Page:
But middle between what and what?
Since the nineteenth century many Anglicans have referred to the middle way between Protestantism on one side and Roman Catholicism on the other. John Keble (1792-1866), a leader of the Oxford Movement in the nineteenth century, said that this was what was meant by Richard Hooker (1554-1600), the greatest Anglican theologian in the English Reformation of the sixteenth century.
The best of both worlds
Before I explain why I agree with Keble’s interpretation of via media, let me provide a lighter interpretation of the phrase: it enjoys the best of both worlds. That is, it uses what we say is the best of Catholic worship and the best of Protestant emphasis on biblical preaching.
By Catholic worship we mean the order and (much of the) content of the liturgical worship of the Catholic Church: opening acclamation, the Gloria, collects, psalms, both OT and NT readings, sermon, creed, prayers of the people, confession of sin, absolution, the great Eucharistic prayers, breaking of the bread, communion in Christ’s body and blood. All of these, every Sunday, and in some churches every day. And the rich variation of the seasons of the Church year. Not to mention attention to the great saints of the 2000-year history of the Church.
Almost everything in Anglican liturgy, which is widely regarded as the most beautiful Christian worship in the English language, is an adaptation or adoption of Catholic predecessors. Thomas Cranmer, the liturgical genius behind the Book of Common Prayer, took Catholic worship and reshaped it. He made significant alterations, to be sure, both in language and theology. But he did not start from scratch. The basic shape and order, and much of its language, go back to the Catholic worship that had been developed over 1500 years before Cranmer.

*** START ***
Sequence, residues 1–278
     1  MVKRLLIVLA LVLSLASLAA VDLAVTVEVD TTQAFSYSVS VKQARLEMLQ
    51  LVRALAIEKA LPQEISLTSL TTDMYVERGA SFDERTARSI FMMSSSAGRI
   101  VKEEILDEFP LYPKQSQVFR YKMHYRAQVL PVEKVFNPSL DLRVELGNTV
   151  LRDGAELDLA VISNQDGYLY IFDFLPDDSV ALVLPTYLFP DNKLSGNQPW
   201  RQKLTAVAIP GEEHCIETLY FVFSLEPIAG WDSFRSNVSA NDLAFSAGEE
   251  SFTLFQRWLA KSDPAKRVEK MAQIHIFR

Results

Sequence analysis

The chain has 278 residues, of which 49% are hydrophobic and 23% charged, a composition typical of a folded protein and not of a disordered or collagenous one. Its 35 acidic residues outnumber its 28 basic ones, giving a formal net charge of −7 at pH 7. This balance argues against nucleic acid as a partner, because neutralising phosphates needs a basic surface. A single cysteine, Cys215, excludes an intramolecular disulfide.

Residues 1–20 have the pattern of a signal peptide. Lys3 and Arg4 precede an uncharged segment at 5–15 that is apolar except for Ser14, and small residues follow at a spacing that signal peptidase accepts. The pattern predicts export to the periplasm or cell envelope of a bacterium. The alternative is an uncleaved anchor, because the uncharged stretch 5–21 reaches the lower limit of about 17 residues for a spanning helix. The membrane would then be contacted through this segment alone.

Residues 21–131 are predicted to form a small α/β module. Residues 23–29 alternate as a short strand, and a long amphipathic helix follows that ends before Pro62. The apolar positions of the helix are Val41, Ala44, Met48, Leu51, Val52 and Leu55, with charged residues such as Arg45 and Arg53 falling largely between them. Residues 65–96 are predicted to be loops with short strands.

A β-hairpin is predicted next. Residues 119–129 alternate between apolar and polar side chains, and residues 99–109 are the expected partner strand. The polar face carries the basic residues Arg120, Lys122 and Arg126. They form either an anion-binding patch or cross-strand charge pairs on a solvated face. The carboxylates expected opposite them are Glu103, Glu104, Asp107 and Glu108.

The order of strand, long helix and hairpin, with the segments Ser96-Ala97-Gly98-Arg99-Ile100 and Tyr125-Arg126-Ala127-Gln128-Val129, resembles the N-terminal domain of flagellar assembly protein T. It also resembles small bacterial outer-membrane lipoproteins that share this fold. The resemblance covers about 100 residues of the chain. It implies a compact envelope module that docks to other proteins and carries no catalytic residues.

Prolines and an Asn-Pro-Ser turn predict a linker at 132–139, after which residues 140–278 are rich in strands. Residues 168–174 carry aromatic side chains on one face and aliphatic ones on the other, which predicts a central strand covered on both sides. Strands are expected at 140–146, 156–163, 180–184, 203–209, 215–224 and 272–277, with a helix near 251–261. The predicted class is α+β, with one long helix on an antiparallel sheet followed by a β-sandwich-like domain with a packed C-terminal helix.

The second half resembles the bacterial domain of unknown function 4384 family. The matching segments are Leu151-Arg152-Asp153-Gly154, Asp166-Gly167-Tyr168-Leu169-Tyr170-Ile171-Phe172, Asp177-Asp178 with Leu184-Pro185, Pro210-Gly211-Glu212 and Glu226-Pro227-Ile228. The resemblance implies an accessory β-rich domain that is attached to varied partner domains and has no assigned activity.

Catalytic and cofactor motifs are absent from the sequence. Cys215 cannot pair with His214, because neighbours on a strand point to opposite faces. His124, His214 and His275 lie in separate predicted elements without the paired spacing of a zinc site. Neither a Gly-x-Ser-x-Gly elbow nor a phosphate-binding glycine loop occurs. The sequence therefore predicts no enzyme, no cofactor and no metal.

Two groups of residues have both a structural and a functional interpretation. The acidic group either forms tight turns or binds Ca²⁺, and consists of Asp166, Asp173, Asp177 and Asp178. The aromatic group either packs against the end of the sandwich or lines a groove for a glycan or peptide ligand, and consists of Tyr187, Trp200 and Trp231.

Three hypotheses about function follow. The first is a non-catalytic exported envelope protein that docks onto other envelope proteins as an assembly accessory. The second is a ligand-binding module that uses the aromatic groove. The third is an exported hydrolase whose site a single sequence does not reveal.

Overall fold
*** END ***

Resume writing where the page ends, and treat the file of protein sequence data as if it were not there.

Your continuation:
When people first experience Anglican worship conducted along traditional lines and remark on its beauty, they are responding to an English order of Word and Sacrament that goes back to Catholic roots. It is also why Roman Catholics who come to (more traditional versions of) Anglican worship are surprised to see how similar the two services are.
But while sermons in Catholic masses are often extremely short and sometimes seem underprepared, most Anglican sermons are longer, grapple more with the biblical text, and seem to reflect deeper preparation. To be fair, Catholic sermons have improved since Vatican II put more emphasis on Scripture and preaching. And some Catholic preachers are better than their Anglican counterparts! But typically one still notices the contrast I just described. Historically, this came from Martin Luther’s elevation of the written Word as key to the Christian life, and therefore the importance of preaching to open up the Word. Cranmer learned from Luther, and Anglicans ever since have prized preaching. While Catholics say the Eucharist is the absolute and only summit of worship, Anglicans say that preaching and Eucharist are equally important, and that each feeds the other.
So in a lighter sense the Anglican Way is the middle way because it enjoys the best of both Catholicism and Protestantism.
But now let me go a bit deeper. Anglicanism is a via media between Catholicism and Protestantism while not being forever hostile to either.
Not Roman Catholic but not anti-Roman Catholic
The Thirty-Nine Articles (finalized in 1571, discussed in more detail in future posts) take several positions against the Roman Catholicism of the late medieval period: its doctrine of purgatory, its view of the Eucharist (transubstantiation), and its take on the relation between traditions and Scripture. Since these Articles are a kind of creed (in addition to the three great creeds of the ancient Church) for Anglicans, Anglicanism differs with the Catholicism of the early sixteenth century.